TRIPOLI, (Reuters) – Heavily armed gunmen stormed Libya’s parliament yesterday demanding its suspension and claiming loyalty to a renegade army general who has vowed to purge the country of Islamist militants.
Smoke rose over parliament after gunmen attacked and then withdrew, and gunfire erupted across Tripoli, where rival militias clashed in some of the worst violence in the city since the end the 2011 war against Muammar Gaddafi.
Details of who was involved Sunday’s chaotic attack were unclear, but loyalists of retired General Khalifa Haftar said his forces and militia allies had planned the parliament assault in a campaign to rid Libya of Islamist hardliners.
Any alliance of militias lining up against Islamist groups threatens to deepen chaos in the OPEC oil producer where a fragile government already struggles to gain legitimacy and impose authority over brigades of former fighters.
“We announce the freezing of the GNC,” said Colonel Mukhtar Fernana, a former military police officer from the Zintan region, reading out a statement on al-Ahrar TV.
Haftar’s spokesman Mohamed al-Hejazi said Fernana’s group was allied to the former general.
Fernana said their movement was not a coup, but said the parliament had no legitimacy and should hand over power to a 60-member body that was recently elected to rewrite Libya’s constitution.
It was not immediately clear how much backing Haftar’s men had within Libya’s nascent regular armed forces and the country’s powerful brigades of former rebels or whether the parliament was fully under government control after the attack.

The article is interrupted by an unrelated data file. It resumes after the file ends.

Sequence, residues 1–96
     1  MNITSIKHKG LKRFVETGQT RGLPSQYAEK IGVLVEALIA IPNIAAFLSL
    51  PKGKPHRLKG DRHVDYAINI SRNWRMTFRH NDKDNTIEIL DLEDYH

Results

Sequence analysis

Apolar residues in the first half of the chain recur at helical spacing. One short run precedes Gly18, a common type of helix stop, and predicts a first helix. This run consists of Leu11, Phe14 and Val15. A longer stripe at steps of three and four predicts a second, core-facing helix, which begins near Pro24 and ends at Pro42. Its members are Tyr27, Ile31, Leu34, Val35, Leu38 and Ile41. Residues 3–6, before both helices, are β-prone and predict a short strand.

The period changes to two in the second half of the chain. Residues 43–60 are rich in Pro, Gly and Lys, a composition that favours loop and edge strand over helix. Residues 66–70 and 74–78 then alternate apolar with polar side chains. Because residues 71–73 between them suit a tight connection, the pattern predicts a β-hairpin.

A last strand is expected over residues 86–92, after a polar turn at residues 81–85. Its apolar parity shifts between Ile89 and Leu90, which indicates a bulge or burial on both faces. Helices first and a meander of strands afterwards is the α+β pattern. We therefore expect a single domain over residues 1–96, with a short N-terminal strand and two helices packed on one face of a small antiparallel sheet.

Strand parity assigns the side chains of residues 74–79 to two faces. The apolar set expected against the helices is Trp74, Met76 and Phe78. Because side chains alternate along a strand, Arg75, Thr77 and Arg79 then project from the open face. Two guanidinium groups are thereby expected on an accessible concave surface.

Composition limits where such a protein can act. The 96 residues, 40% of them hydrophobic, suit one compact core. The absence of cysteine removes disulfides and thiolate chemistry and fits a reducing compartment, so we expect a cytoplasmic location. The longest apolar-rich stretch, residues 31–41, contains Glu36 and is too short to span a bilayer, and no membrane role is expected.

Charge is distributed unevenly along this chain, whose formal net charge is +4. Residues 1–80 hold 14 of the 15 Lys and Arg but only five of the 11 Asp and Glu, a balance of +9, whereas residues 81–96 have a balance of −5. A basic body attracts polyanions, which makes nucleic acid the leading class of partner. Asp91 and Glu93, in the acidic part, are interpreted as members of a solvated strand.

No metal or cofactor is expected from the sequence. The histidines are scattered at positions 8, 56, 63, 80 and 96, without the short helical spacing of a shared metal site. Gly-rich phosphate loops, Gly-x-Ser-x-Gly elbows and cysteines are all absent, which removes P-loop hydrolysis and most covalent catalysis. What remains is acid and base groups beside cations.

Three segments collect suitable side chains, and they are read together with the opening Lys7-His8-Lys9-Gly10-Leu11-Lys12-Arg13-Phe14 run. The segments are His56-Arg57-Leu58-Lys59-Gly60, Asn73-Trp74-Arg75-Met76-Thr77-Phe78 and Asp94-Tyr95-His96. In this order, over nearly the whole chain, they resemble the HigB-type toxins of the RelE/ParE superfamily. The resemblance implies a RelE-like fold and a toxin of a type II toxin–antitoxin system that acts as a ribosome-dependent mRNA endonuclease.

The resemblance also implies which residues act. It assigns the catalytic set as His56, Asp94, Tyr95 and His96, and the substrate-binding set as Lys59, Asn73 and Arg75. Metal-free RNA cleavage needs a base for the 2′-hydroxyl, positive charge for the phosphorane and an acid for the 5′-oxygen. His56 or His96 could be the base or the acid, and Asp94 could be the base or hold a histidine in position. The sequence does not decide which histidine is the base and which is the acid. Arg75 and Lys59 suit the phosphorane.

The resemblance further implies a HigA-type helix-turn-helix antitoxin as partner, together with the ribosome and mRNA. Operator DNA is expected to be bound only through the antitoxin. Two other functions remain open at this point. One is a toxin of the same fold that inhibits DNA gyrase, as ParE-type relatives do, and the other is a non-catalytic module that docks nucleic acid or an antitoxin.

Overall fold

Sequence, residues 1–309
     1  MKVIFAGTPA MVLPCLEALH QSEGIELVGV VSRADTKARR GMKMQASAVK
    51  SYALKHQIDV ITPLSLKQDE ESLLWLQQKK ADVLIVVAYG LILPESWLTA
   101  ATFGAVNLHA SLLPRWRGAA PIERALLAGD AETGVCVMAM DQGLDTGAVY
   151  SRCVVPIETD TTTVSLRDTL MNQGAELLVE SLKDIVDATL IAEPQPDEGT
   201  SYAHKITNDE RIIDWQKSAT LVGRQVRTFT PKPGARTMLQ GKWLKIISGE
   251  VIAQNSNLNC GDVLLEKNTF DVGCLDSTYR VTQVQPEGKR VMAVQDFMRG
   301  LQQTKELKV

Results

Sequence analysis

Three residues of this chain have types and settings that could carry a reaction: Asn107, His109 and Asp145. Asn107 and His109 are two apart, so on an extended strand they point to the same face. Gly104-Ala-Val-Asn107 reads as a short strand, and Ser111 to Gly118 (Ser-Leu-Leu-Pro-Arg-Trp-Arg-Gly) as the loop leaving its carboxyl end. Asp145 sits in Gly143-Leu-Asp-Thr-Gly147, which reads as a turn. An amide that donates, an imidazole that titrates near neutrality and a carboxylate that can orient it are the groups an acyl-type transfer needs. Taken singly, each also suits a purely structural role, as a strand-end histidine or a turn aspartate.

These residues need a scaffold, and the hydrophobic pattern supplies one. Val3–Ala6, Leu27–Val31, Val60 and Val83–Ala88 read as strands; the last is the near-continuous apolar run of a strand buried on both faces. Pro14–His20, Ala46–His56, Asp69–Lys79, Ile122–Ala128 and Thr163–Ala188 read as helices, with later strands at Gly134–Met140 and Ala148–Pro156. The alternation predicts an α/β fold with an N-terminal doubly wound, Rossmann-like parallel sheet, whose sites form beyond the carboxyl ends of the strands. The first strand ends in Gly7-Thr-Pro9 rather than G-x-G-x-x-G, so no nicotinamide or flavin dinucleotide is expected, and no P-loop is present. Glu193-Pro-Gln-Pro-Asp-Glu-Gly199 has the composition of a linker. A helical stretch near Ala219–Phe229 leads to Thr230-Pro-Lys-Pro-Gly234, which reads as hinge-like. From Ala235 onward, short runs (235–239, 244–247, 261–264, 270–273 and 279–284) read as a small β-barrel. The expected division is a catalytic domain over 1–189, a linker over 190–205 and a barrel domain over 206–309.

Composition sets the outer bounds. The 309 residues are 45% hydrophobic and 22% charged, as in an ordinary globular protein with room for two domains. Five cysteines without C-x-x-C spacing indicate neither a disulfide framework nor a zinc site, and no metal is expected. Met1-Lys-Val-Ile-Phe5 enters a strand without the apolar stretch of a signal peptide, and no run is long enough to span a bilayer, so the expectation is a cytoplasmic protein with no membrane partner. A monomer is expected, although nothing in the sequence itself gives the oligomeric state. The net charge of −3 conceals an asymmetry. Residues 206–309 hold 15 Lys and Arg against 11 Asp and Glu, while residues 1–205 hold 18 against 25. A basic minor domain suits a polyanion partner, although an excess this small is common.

Justice Minister Saleh al-Mergani condemned the assault on parliament and rejected the group’s demands.
“The government demands an immediate stop to military action and use of force to express political opinion,” he told a news conference calling for dialogue.
Witnesses said armed local residents were blocking roads to the parliament building after the attack, but their identities and affiliation were not clear.
The attackers kidnapped about 10 employees from the GNC, an official said. At least two people were killed and another 55 wounded in the violence, officials said.
Haftar, once a Gaddafi ally who turned against him over a 1980s war in Chad, fueled rumours of a coup in February when he appeared on television in uniform calling for a caretaker government to end Libya’s crisis.
Since the end of Gaddafi’s one-man rule, militias of ex-rebels have become de-facto powerbrokers in the vacuum of Libya’s political chaos, carving out fiefdoms and exercising their military muscle to make demands on the state.